DR. FRANCIS: One possibility that we are talking about is to have some ability to continue to update with samples and the data use agreement is a perfect example. If at HHS there could be a website where here are some communities. If you are thinking of data use agreements, here are some examples that people have been willing to share.

MS. KLOSS: As we looked at it last, we thought this should not be a static document, not in this day and age with as fast as everything is changing and that if there is any opportunity on the NCVHS website that this should be a more dynamic toolkit.

DR. CARR: Just a thought though. You then obligate yourself to make sure that everything that is up there is — having just done a similar thing on a different topic. You buy a lot of responsibility —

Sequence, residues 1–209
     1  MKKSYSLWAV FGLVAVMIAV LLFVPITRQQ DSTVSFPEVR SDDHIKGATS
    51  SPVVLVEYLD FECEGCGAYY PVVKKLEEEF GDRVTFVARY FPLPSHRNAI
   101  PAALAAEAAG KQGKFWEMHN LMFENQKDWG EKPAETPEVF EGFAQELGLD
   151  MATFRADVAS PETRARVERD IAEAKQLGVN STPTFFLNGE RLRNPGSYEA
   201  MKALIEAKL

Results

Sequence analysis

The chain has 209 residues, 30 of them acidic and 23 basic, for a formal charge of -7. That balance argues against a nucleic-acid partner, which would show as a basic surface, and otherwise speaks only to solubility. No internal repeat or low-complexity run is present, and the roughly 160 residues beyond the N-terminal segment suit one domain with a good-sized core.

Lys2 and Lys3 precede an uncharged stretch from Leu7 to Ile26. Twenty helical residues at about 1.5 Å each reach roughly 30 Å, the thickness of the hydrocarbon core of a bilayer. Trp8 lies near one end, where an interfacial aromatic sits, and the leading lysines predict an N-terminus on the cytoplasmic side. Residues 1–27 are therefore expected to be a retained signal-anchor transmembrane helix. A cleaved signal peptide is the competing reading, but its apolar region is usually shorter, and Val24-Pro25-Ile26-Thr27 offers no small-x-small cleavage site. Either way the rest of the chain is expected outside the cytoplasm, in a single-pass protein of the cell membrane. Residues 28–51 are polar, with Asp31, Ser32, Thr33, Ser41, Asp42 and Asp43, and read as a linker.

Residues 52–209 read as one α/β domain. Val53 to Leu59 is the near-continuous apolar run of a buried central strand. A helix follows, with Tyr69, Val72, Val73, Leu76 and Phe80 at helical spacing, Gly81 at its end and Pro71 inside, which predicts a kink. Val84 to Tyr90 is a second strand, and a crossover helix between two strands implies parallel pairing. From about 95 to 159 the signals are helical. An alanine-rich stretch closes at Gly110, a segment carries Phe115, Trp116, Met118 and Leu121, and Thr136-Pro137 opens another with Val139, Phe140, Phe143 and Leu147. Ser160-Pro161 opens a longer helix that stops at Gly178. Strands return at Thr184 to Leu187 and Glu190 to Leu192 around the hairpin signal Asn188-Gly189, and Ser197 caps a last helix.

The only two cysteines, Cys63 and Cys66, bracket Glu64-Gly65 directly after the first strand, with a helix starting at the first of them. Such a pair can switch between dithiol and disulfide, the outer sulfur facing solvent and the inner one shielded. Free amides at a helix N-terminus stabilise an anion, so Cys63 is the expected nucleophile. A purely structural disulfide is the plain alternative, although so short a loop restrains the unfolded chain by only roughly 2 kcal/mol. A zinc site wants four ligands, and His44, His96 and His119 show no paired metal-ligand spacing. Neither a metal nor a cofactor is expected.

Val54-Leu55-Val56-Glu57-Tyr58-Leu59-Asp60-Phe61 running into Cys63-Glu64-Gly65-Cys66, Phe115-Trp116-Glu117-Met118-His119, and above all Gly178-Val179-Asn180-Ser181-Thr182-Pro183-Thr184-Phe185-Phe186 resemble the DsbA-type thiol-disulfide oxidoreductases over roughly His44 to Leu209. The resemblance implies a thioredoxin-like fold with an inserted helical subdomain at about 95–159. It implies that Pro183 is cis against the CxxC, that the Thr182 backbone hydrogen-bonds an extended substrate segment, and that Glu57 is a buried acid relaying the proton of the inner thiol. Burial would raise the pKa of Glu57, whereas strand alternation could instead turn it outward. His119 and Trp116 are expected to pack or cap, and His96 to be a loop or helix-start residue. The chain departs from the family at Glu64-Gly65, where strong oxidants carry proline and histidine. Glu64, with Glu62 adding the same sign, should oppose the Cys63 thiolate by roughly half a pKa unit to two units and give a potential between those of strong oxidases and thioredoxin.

DR. MAYS: That is why I was suggesting a repository that somebody else like a community agency or something maintains for you.

DR. FULCHER: Also, the last two issues of the National Civic Review really highlighted the 25 years of the healthy communities movement effort. There are a number of organizations that have been involved in this. United Way, YMCA, other NGOs at the community level. I just would encourage the group to look at that as well because there is a lot of activity going on beside public health departments as well.

DR. GREEN: Another question. One of the spin off products of the IOM study that came out a year ago right now about integrating primary care and public health was this playbook. Does that hit you? Do you know what I am talking about? They did a press release that was here on six about a month ago. That has got traction. That is showing up all over the country right now. It has many of the same items in it.